It’s been painful to read about the fall of Tesco recently in the press. According to the HBR Blog Network, Tesco’s Downfall Is A Warning to Data-Driven Retailers, the company’s market value is at an 11-year low and Warren Buffett is admitting he made a mistake…
I have some inside perspective from knowing and working with Terry Hunt, the former Chairman of EHS Brann, when I was the CEO of Euro RSCG Discovery. Terry was closely involved in the development of Tesco Clubcard and co-authored Scoring Points, the international best-selling book on Tesco’s pioneering customer loyalty card program. Terry and his team were on the inside of the creation of incredibly innovative marketing programs fueled by data analytics, long before we were all talking about “Big Data”. Long before other companies were trying to connect the analytic dots.
Tesco were huge leaders in what I’m calling the Information Economy (mid-80’s to 2000’s) and were widely considered “best in class” in terms of retail big data and analytics. They were fantastic at using the analytics for strategic, fact-based decisions and to drive marketing innovation and highly targeted loyalty programs. Tesco had a very simple value proposition “every little bit helps”, which was praised for saving their best customers time and money. The fact that they did make grocery shopping easier was a big driver for customers in the early days. But over the years of data collection and analysis, they started crafting more targeted offers and complicated marketing programs. Their loyalty program started feeling too complex and customers, even their best customers, got overwhelmed. This level of complexity combined with lower prices offered from their competitors, recently put Tesco at a disadvantage in the marketplace and their share price has taken a tremendous hit.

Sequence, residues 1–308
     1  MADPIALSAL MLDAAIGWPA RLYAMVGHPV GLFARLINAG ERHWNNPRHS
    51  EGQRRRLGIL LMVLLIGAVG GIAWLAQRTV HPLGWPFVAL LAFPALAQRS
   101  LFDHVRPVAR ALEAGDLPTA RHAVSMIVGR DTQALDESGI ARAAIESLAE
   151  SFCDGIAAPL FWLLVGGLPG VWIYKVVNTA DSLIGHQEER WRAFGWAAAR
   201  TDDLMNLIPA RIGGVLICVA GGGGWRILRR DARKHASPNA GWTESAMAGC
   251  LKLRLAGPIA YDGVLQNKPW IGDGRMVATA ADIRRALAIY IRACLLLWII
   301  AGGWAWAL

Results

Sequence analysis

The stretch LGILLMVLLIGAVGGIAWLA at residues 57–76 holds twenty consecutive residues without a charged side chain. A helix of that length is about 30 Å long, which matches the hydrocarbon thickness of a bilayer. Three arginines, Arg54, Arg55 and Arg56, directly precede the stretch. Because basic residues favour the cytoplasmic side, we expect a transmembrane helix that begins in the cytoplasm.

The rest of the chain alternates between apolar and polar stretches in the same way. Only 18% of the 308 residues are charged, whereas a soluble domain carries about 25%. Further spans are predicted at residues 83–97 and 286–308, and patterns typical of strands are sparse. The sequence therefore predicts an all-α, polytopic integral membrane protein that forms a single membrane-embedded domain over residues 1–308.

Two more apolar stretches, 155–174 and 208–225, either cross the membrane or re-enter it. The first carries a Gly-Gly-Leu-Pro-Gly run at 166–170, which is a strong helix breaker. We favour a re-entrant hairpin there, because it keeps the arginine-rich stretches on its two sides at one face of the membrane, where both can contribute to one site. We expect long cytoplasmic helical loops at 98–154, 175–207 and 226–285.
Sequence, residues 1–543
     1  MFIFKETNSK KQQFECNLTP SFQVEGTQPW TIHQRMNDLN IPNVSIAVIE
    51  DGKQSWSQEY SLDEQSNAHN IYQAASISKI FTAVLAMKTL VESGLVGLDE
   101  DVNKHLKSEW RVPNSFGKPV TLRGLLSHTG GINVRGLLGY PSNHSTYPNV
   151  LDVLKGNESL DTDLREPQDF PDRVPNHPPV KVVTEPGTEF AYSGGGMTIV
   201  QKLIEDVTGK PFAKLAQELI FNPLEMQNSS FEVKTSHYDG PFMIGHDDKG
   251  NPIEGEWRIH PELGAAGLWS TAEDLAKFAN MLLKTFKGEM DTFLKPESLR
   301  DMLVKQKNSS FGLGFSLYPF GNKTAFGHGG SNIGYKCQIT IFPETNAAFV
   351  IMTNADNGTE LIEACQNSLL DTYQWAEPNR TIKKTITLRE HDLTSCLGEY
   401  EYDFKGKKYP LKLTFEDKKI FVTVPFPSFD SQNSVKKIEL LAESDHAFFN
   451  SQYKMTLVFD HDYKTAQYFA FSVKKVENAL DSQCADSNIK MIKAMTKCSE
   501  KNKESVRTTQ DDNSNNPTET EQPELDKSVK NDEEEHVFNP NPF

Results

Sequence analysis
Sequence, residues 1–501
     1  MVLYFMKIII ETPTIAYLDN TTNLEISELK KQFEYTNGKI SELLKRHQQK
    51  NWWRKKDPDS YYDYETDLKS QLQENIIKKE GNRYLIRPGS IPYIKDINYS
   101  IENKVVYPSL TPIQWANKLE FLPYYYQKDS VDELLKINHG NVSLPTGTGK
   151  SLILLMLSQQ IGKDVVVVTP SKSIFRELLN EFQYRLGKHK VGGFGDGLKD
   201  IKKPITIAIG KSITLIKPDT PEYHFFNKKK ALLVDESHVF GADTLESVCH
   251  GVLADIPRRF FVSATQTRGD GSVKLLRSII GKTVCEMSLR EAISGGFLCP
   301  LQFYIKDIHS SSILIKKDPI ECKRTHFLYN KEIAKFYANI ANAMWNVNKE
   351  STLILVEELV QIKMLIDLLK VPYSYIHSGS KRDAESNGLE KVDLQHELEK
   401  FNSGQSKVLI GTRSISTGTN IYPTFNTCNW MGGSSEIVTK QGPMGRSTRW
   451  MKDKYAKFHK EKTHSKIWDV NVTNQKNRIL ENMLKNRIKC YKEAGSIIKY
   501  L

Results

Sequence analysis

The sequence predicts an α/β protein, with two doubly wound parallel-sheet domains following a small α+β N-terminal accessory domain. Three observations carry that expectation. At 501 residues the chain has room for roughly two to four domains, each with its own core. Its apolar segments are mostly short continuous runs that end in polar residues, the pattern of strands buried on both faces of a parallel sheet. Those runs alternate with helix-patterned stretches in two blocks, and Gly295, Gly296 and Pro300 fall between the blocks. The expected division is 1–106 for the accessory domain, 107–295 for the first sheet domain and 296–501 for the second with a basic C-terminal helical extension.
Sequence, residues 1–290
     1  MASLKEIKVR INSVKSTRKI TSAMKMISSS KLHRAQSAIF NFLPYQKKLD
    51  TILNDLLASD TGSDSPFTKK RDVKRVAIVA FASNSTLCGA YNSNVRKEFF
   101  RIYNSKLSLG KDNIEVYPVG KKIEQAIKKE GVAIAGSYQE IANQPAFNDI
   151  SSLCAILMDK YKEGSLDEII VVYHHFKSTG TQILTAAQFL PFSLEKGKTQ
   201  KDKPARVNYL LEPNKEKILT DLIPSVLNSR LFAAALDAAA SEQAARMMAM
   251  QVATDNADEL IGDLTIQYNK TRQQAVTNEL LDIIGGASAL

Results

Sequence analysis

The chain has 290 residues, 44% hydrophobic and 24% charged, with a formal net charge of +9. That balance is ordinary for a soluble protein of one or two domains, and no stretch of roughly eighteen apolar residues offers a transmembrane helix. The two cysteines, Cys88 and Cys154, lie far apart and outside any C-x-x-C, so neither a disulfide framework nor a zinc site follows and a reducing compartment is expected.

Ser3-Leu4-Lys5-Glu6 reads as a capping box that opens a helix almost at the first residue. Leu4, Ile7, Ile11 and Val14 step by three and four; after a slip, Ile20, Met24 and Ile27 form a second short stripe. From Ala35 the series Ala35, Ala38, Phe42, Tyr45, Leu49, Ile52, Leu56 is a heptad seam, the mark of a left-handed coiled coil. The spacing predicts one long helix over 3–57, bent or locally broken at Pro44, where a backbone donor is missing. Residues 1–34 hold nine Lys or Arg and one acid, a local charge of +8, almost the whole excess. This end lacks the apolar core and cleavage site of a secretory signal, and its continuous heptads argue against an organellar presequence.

As I wrote in the last blog post – companies, like Tesco, who were winners in the Information Economy are becoming extremely vulnerable as we enter the Insight Economy. Where the Information Economy was all about massive amounts of data and making sense of it, the Insight Economy is about gleaming profound and penetrating insights to get to big ideas that drive the business. What do people really want? And in today’s time-starved, fast-paced world people want simplicity as well as low prices and this is where Tesco missed the mark.
The HBR Blog also brings up the possibility that “despite its depth of data and experience, today’s Tesco simply lacks the innovation and insight chops to craft promotions, campaigns and offers that allow it to even preserve share, let alone grow it.” And that’s exactly what I have been talking about in the Insight Economy. Tactical, data-based analytics can only get you so far. Now is the time for an infusion of the human perspective. The Insight Economy requires the integration of attitudinal and behavioral data plus the “innovation and insight chops”.
Tesco and many other companies are stuck in the Information Economy when in fact, the economy has evolved. It’s time for Tesco to evolve as well. It’s time to embrace the Insight Economy.